- Lab-grown meat and cultured meat
Lab-grown meat and cultured meat
Cultured meat, lab-grown meat, and clean meat all refer to the same thing – cells taken from a live animal and cultured in a lab, then built into a piece of meat which is biologically identical to meat from a slaughtered animal. In this article, we discuss lab-grown meat and the required social changes and process improvements required to achieve widespread adoption.
Reasons to culture meat
Meat grown in a laboratory releases 96% less greenhouse gas than conventionally grown meat, fulfills the protein needs of the world’s growing population, and reduces the ethical conflict many people feel about slaughtering animals for food.
The United Nation’s Food and Agricultural Organization estimates that the demand for meat will increase by 66% over the next 40 years. As a point of reference, about 50 billion chickens were slaughtered for consumption in 2020. The alternative meat market is growing rapidly to meet this need and it is estimated to be a $140 billion industry by 2029, comprising 10% of the global meat industry.
How is lab-grown meat made?
Cultured meat is not grown as part of an animal, but is instead grown in a lab.
Step 1: harvesting cells and developing a cell line
Cells are first harvested from tissue culture biopsies, from cells banks, or (for chickens) at the root of a feather. The tissue sample may be either primary cells or stem cells. Primary cells are differentiated muscle or fat cells whereas stem cells are undifferentiated. While primary cells reproduce in greater numbers, stem cells are more controllable, proliferate faster, and live longer.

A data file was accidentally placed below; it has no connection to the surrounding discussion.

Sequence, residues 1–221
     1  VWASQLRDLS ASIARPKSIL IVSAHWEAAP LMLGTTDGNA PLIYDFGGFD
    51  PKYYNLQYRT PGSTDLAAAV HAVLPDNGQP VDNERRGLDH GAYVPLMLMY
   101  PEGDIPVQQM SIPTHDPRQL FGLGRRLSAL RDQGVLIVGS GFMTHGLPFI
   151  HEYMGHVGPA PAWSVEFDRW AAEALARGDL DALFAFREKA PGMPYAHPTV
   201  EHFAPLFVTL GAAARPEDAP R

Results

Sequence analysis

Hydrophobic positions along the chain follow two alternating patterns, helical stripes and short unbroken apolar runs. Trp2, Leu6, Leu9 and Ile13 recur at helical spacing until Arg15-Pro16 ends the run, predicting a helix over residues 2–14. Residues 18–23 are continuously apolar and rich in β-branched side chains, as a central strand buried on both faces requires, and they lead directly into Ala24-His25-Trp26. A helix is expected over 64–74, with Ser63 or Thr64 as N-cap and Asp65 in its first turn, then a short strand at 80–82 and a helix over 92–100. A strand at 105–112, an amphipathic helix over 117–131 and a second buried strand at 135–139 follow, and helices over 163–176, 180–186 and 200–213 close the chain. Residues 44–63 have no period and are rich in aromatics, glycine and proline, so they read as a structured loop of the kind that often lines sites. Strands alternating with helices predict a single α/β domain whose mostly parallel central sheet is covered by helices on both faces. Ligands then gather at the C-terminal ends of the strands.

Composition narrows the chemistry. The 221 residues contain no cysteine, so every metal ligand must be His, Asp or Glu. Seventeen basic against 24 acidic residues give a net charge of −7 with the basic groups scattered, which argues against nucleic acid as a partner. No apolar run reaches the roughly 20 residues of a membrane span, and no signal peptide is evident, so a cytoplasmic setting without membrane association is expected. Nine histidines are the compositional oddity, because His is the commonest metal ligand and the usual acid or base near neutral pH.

Step 2: growing a seed train and transferring to a bioreactor
Once the cells are selected and the cell line is developed, the seed train is grown in a petri dish which is then transferred to a bioreactor for sustained growth. The bioreactor is a highly monitored and regulated environment that closely replicates the growing conditions within an animal. The cells are fed a growth medium, often fetal bovine serum, which consists of proteins, vitamins, sugars, hormones, and other nutrients and growth factors.
The cells naturally form myotubes about 0.3 mm long, which then form a ring and grow into muscle tissue. At this point, they can be attached to scaffolding such as 3D printed soy protein, which stretches the tissue so it grows and increases in protein content. After about 14 days, the cells develop into the equivalent of raw, minced meat.
What are the risks of culturing and eating lab-grown meat?
Ultimately, cultured meat is considered to be safer than conventional meat. Because the tissue is grown in a bioreactor, there are no digestives organs or animal wastes present. This drastically reduces the risk of contamination from bacteria such as E. coli. There is also no risk of disease outbreak in lab-grown meat, whereas factory farmed animals require vaccinations to stay healthy. Culturing meat is additionally more efficient, as only the edible portions of the meat are grown and there is no organ or bone waste.
There are still risks and unknowns in lab-grown meat, such as contamination during processing. Cells also run the risk of developing mutations that could lead to cancer. This is a risk inherent to all human and animal cells, though, and most mutations are harmless. Finally, it is currently unknown whether lab-grown meat can replicate the micronutrients such as iron which are an important benefit of eating meat.
What does cultured meat taste like?
Cultured meat looks, tastes, and smells like conventional meat from a slaughtered animal. However, replicating the texture of conventional meat is challenging, and currently most cultured meat resembles “unstructured” meats such as ground beef, chicken nuggets, and sausage.